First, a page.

Hills mentions in his book I linked to earlier, a Elder HA Stebbins also RLDS, of his Book of Mormon lectures. Stebbins assumed the Savior appeared in Northern South America in Colombia and also excluded North America.

Here is Stebbins 1894 lectures: https://babel.hathitrust.org/cgi/pt?id=njp.32101074888833;view=2up;seq=2;skin=mobile

In other words, HA Stebbins as early as 1894 and Louise Edward Hills in 1924 promoted the false theory that North America was excluded with Hills confining it strictly to Mesoamerica. Dr. John L. Sorenson was promoting nothing new.

Hills quotes Stebbins in his book P.145 explaining Stebbins changed his view to match Hills. And stating the map will have to be revised as also our students will need to correct their ideas as to the hills, and lands and waters.

THIS IS WHAT IS HAS AND IS NOW OCCURRING AT BYU with its Fantasy Map!

“With these locations before us, notice again the state ment made by H. A. Stebbins, a man whom all loved; one of the best Book of Mormon students in his day. He says: The map will have to be revised, as also our students will need to correct their ideas as to the hills, and lands, and waters. 

He said, "Thirty-five years I held the error about Cu- morah," but was compelled to change. He wrote me a letter a short time before he died and sent me the Herald in which his article appeared. He said that he thought I was right, but that he would have to study the books over before rendering any positive decision.”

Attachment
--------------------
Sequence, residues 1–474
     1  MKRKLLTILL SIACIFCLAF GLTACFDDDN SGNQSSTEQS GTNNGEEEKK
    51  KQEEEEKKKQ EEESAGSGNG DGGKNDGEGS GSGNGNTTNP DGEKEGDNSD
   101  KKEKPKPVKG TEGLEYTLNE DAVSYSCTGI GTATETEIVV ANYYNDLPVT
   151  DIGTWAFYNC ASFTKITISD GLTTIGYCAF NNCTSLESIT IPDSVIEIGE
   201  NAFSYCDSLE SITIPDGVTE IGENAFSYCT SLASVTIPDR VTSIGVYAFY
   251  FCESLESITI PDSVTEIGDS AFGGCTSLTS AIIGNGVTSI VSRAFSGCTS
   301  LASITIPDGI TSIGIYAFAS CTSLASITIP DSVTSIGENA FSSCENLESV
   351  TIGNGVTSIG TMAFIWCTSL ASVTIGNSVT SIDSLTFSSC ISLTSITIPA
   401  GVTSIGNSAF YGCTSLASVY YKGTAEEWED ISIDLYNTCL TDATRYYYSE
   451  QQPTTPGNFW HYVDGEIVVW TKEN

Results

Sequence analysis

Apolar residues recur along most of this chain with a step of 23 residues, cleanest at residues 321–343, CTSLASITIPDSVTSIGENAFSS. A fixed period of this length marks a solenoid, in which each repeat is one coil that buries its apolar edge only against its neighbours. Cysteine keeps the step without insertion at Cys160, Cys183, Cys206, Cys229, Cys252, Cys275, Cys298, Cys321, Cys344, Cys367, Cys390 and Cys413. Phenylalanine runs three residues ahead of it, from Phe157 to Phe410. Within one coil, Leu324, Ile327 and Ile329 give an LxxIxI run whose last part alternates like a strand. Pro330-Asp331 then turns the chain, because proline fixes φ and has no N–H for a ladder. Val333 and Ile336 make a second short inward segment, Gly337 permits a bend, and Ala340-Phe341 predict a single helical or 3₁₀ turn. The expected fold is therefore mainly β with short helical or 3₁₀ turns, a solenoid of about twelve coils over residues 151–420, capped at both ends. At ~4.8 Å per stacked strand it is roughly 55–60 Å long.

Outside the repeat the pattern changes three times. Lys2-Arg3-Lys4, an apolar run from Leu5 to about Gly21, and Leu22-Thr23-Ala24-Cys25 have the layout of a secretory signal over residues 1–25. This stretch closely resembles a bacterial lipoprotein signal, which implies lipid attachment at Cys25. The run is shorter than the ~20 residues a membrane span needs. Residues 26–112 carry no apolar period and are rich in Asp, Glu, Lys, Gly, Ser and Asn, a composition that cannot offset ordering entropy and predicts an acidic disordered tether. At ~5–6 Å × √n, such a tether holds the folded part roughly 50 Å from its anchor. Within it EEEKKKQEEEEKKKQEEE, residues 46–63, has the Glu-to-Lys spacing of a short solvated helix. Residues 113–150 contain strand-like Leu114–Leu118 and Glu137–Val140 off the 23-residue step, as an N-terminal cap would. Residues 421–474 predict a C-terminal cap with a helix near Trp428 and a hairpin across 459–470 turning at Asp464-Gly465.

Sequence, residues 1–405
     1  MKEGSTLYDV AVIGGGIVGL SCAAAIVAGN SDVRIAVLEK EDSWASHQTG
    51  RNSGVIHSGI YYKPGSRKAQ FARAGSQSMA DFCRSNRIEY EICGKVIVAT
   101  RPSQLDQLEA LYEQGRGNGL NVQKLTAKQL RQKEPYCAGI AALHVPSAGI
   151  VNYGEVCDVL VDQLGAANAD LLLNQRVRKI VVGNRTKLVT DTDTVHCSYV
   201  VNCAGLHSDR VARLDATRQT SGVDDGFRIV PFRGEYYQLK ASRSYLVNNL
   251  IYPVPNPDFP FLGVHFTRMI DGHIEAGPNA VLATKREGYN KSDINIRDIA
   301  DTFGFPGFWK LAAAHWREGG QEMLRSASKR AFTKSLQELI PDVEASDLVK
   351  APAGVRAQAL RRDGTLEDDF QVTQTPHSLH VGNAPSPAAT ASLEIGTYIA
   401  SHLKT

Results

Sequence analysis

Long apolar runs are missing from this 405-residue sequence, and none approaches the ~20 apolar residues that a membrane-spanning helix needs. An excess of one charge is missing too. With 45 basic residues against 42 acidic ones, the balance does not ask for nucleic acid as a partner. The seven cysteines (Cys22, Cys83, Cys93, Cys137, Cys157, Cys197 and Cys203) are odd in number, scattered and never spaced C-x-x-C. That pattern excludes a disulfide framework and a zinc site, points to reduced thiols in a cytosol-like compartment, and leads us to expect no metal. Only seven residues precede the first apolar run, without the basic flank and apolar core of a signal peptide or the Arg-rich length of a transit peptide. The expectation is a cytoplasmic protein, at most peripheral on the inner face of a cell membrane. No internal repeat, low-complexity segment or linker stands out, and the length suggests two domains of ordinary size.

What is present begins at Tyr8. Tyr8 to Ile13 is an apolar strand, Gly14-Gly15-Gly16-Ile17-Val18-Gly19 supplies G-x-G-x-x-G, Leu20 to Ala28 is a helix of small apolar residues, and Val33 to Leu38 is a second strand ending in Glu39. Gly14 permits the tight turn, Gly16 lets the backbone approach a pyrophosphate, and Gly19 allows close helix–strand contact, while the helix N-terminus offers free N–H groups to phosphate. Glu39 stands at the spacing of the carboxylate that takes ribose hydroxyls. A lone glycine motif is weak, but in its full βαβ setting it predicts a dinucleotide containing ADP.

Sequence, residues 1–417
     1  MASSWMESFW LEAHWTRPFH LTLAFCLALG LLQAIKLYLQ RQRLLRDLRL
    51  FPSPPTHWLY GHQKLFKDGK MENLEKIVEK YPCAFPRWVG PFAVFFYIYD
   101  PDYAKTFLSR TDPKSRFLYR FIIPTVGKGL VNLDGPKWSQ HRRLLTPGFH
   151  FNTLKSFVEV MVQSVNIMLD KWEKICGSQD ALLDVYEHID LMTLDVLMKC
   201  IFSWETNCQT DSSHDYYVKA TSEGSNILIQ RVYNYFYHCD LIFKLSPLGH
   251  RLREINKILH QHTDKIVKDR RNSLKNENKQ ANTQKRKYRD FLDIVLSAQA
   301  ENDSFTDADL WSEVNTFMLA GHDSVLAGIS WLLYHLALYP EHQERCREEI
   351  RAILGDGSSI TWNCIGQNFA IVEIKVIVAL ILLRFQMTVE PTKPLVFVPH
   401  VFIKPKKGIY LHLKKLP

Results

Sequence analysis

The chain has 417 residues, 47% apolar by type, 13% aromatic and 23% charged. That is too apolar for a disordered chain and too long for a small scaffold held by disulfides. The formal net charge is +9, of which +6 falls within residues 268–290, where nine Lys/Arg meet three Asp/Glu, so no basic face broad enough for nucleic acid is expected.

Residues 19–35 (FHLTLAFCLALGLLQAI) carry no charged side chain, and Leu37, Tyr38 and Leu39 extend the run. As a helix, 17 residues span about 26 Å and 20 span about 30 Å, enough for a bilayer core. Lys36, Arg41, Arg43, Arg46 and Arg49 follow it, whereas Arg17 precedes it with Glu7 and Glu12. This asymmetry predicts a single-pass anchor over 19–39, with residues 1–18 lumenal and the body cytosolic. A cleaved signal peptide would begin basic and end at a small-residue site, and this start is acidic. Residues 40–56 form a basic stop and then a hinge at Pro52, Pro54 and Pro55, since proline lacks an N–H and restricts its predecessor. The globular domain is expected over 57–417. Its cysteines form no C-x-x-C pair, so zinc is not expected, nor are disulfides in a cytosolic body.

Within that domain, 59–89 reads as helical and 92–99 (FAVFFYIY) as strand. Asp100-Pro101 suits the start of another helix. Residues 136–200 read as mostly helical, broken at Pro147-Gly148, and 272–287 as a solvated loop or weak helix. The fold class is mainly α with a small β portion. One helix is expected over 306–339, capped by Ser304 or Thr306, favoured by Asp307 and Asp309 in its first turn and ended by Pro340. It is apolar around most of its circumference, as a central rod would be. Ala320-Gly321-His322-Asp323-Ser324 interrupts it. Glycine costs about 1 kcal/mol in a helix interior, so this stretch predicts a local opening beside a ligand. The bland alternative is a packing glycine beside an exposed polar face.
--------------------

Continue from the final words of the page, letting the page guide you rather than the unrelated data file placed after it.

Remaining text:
BC540DB3-2C19-40B9-9B56-2AE9E320D140.png

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19 hours ago, carbon dioxide said:

Sure and even more reason to not accept that area as the setting.  If you took off the cover of the book of mormon and had 100 people from the Northeast read the whole text and then asked them, "If the stories in this book occurred in the Western Hemisphere, where do you think it would have occurred"  I really believe the number saying the Northeast US would be about the bottom of the list.  Perhaps the only place worse would be somewhere in Canada or Alaska. 

Didn’t the Saints leaving Nauvoo walk across the frozen Missippi River? Many died at Winter Quarters, as we know, but would have been safe in their homes if not for the mobs.

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12 hours ago, Robert F. Smith said:

As a scientific endeavor,, Book of Mormon geography has not achieved anything remotely like the status of biblical geography. 

Quote